I think one of the questions that people ask me the most is: "Where do you get all these costumes"? or "How do you manage to get these amazing names to work with you?!"
The biggest part of my artistic portfolio has been build upon years & years of second hand hunting down dresses but most of all: working together with international teams of designers supplying me headwear, jewelry, dresses to even cloaks and wings.
While this may sound like a piece of cake, collaborations are one of the most rewarding and stress-filling obligations you can take on. It's easy to admire the result, but not many people realize the work and communication that goes behind it. It's not simply a "send me that cloak" and get it shot when you feel like it. By far.
I've build many years on establishing relationships, starting from the very bottom and working my way up to where I'm able to work together with huge names like Agnieszka Osipa and my upcoming collaboration with Royal Black Couture. While my own portfolio plays a big roll in that, without my previous collaborations I would never have been able to do this. It's a snowball effect. And it's extremely powerfull.
I want to cover some pointers here for a succesfull collaboration, no matter the level of person you're working with. I heard (and saw) many horror stories and results from collabs from designers I'm friends with. And I do can tell you a few crucial pointers:
Like every shoot, communication is key. Especially when you want to borrow pieces from someone you probably don't know.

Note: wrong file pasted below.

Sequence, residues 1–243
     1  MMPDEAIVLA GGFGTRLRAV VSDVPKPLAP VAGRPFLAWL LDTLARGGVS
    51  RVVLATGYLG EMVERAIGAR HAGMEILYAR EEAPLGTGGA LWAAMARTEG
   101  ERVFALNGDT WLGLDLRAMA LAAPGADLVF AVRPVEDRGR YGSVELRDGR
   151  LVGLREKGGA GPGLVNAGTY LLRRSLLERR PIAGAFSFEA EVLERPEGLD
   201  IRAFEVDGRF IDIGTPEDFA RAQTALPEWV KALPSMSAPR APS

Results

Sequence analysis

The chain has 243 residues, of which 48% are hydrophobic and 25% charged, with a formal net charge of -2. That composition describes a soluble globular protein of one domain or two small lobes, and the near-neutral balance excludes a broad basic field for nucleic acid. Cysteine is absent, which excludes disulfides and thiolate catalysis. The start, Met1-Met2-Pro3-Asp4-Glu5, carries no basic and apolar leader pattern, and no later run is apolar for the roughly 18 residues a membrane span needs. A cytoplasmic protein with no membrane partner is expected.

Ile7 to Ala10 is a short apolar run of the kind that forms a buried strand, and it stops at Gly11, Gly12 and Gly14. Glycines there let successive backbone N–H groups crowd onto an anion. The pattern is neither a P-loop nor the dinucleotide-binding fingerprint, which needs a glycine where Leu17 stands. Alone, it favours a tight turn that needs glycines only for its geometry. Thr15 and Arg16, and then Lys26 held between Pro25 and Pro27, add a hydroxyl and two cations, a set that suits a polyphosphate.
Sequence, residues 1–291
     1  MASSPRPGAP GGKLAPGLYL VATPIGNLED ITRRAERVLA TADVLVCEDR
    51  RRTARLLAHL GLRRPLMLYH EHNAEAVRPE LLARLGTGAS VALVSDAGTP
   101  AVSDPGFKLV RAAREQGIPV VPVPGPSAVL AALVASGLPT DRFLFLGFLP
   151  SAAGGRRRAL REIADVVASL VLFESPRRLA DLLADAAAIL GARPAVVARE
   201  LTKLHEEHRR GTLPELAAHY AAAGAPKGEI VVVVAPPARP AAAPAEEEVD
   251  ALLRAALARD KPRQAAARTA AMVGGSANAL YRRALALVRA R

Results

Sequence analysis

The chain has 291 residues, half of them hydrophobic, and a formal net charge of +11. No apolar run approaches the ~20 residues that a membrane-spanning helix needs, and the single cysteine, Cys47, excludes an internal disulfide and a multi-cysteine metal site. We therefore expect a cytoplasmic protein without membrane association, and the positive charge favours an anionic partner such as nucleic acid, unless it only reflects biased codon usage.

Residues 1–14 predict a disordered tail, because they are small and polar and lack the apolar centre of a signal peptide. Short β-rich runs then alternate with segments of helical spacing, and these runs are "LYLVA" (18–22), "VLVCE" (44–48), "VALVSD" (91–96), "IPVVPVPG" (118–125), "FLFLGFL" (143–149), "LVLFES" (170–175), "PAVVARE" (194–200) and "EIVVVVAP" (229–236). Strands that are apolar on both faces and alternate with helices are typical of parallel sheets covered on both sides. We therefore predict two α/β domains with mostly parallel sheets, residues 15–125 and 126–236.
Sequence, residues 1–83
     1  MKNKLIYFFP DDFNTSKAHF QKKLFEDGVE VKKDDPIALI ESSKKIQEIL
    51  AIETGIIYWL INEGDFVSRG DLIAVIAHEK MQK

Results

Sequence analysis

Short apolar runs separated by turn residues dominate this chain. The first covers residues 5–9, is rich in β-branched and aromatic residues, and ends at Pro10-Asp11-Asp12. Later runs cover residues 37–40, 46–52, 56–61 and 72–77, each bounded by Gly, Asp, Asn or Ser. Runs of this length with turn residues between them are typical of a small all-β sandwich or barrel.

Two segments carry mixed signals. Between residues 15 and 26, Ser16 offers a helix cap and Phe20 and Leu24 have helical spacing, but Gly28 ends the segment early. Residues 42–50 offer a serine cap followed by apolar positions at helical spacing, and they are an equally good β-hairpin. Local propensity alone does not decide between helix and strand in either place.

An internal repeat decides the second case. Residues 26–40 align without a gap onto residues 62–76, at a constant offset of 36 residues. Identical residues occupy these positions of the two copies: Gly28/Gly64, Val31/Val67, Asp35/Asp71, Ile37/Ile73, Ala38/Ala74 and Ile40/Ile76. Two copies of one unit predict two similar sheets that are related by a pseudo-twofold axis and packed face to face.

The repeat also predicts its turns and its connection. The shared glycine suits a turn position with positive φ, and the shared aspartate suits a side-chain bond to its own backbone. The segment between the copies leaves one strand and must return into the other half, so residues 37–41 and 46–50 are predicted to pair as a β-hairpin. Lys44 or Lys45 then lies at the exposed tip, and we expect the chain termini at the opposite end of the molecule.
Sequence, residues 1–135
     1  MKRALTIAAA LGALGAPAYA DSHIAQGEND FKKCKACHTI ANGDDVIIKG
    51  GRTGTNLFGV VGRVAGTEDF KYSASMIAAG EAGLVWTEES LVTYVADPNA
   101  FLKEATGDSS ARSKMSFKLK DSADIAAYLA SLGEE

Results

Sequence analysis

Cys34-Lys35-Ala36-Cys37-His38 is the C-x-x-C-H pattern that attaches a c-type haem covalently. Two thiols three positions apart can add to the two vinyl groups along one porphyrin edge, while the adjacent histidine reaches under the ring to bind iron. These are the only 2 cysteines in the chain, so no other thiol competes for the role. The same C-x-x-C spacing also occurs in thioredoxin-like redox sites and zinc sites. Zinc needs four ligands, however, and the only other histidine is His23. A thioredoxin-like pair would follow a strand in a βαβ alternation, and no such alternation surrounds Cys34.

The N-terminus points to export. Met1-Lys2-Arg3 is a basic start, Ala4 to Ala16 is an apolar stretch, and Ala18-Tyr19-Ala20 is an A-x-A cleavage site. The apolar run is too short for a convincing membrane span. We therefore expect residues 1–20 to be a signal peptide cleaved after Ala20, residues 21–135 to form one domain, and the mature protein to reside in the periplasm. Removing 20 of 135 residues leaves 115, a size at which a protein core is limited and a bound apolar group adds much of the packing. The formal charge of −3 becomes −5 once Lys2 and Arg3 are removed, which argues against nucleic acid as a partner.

Approach politely & respectful.
You are asking from a total stranger to borrow stuff from a shoot. Keep that in mind.
Don't send "cold call" messages because designers do smell when they're just one of the many you have been looking up and sending the same copy pasted message. Its the biggest turnoff ever as they (rightfully) want to feel like they have the value you contact them for.
When I approach a designer (still to this date) I carefully write a personal message because I want to work specifically with that person and/or brand. Not because it's "one of the cool people like the five other I messaged". They inspire me. Not because they got x-amount of likes or because great contacts. Its important to keep that always in mind.
Know who you are approaching
If you're just starting out with a portfolio, there is no point in mailing someone huge. They will say no 99% off the cases. Start small, contact beginning and emerging artists. Before you know it, they're the next big thing (which is what happened between me and Hysteria Machine. We grew so immensely together we have became one of the best know teams out there I guess ...).
Make sure you can work with designers first, build up relationships and your name. Enjoy the (slow) ride. A portfolio is your biggest strong point and make sure you got one that blows people away before you try to connect to "the higher levels" (which is something that never ends either ... There is always "a bigger name" out there). Collaborations are very stressfull and demanding, don't make it too hard for yourself. It's a whole industry on itself (one that can also be incredibly valuable in knowledge and handling clients in the further future!)
Don't be passive aggressive
If they don't reply, they're maybe busy. They don't want to reply. They didn't see it. There are so many reasons. If you get a "no", stay professional & thank them for taking time to reply. It happens because you still ask someone to trust a complete stranger & work "for free". No matter how good you're; I got "no's" as well. Still. It's part of the job. Keep it short. Keep it indoors. Don't go ranting on your wall. It will come out.
Never ever send something like "oh but I wanted to work for free with you!" or even things like "???". Just no. Just dont. Be professional, you asked for free stuff to borrow & you didn't get it. It can happen.
You got a yes. GREAT! Now what?